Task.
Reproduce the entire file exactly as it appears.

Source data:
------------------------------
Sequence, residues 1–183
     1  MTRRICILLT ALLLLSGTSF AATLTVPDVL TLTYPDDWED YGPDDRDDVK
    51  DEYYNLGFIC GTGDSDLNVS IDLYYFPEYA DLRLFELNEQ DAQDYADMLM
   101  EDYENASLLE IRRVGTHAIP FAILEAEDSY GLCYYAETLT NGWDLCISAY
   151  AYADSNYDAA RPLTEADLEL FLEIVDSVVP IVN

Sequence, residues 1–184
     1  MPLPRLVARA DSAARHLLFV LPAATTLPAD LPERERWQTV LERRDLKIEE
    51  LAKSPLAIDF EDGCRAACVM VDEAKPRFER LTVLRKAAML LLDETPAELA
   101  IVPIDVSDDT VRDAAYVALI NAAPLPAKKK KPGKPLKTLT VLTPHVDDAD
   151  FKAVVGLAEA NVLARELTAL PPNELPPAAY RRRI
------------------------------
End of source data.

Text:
Sequence, residues 1–183
     1  MTRRICILLT ALLLLSGTSF AATLTVPDVL TLTYPDDWED YGPDDRDDVK
    51  DEYYNLGFIC GTGDSDLNVS IDLYYFPEYA DLRLFELNEQ DAQDYADMLM
   101  EDYENASLLE IRRVGTHAIP FAILEAEDSY GLCYYAETLT NGWDLCISAY
   151  AYADSNYDAA RPLTEADLEL FLEIVDSVVP IVN

Sequence, residues 1–184
     1  MPLPRLVARA DSAARHLLFV LPAATTLPAD LPERERWQTV LERRDLKIEE
    51  LAKSPLAIDF EDGCRAACVM VDEAKPRFER LTVLRKAAML LLDETPAELA
   101  IVPIDVSDDT VRDAAYVALI NAAPLPAKKK KPGKPLKTLT VLTPHVDDAD
   151  FKAVVGLAEA NVLARELTAL PPNELPPAAY RRRI